Notes: Juliette Mulholland says her delicate but complex ketchup tastes great on sweet-potato fries. If yellow tomatoes aren't available, substitute red. To peel the tomatoes, immerse in boiling water until skins crack, about 15 seconds; lift out with a slotted spoon and let cool, then pull off skins. At altitudes of 1,000 to 6,000 feet, process the jars for 20 minutes; above 6,000 feet, process for 25 minutes.
11 pounds ripe yellow tomatoes, peeled (see Notes)
1 pound red bell peppers (about 2), cored, seeded, and quartered
1 1/3 pounds onions (about 2), peeled
1 clove garlic, peeled
1 tablespoon salt
3/4 cup firmly packed brown sugar
2 cups cider vinegar
How to Make It
Follow steps 1 through 4 of Canning Instructions, using four pint-size jars.
Meanwhile, enclose cloves, peppercorns, allspice, celery seeds, mustard seeds, and bay leaf in a double layer of cheesecloth and tie tightly with string.
In a blender or food processor, whirl tomatoes, bell peppers, onions, and garlic, a portion at a time, until smooth. Pour purée into a 10- to 12-quart pan. Add spice bag, salt, brown sugar, and vinegar.
Measure volume (see "Sunset's Canning Tips" below). Bring to a boil over high heat, stirring occasionally. Reduce heat to medium-high and stir often until mixture is thick and reduced by 1/2 and liquid no longer separates from solids (spoon some into a small bowl to check), about 1 3/4 hours. Lift out spice bag and discard.
If desired, whirl ketchup, a portion at a time, in a blender until very smooth.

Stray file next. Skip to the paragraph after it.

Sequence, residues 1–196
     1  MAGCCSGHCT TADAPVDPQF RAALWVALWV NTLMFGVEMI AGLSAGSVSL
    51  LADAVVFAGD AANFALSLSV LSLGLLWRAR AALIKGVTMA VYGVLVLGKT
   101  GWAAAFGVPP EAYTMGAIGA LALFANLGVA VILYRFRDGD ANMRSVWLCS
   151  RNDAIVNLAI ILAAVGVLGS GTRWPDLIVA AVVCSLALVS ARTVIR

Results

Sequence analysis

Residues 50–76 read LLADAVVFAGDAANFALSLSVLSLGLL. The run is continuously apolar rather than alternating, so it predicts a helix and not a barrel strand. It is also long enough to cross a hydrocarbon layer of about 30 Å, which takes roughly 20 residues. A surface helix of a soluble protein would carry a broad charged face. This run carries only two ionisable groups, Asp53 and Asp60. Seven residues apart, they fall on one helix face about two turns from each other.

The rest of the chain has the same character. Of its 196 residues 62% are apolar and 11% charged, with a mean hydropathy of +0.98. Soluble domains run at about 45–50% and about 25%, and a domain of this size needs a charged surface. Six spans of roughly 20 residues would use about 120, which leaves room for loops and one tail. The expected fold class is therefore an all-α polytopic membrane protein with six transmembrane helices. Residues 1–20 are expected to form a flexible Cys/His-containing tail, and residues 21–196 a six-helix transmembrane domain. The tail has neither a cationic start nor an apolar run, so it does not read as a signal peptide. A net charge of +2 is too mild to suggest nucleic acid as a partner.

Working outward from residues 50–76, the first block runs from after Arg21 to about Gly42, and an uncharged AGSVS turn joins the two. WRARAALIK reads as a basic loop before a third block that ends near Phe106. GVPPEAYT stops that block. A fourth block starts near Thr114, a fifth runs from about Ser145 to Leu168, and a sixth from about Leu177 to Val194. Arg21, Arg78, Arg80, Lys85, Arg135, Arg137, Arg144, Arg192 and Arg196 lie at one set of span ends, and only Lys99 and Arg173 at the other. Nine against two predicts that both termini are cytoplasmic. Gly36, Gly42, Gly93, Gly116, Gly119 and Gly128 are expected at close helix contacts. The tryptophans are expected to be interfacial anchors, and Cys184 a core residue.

Follow steps 5 through 11 of Canning Instructions, leaving 1/8 inch of headspace in each jar and processing jars for 15 minutes (see Notes).
Sunset's Canning Tips:
Add butter to jams and jellies to prevent foam from forming during cooking. If you omit the butter, skim off the foam before ladling jam or jelly into jars. The recipe will yield about 1/4 cup less.
Measure all the sugar into a bowl before beginning the recipe. Many canning recipes call for a large volume of sugar to be added when a mixture is already boiling; measuring ahead simplifies this step and prevents mistakes.
Use a ruler to measure volume. Some recipes call for a mixture to be reduced by a certain amount. To ascertain this easily, insert a clean, wood ruler into the pan before cooking and measure how far up the mixture comes. Then cook as directed until it has reduced by the percentage specified. For example, if uncooked mixture measures 4 inches in pan and recipe says to reduce by half, cook it down to 2 inches.
You May Like
Sign Up for our Newsletter
Join our newsletter for free recipes, healthy living inspiration, and special offers.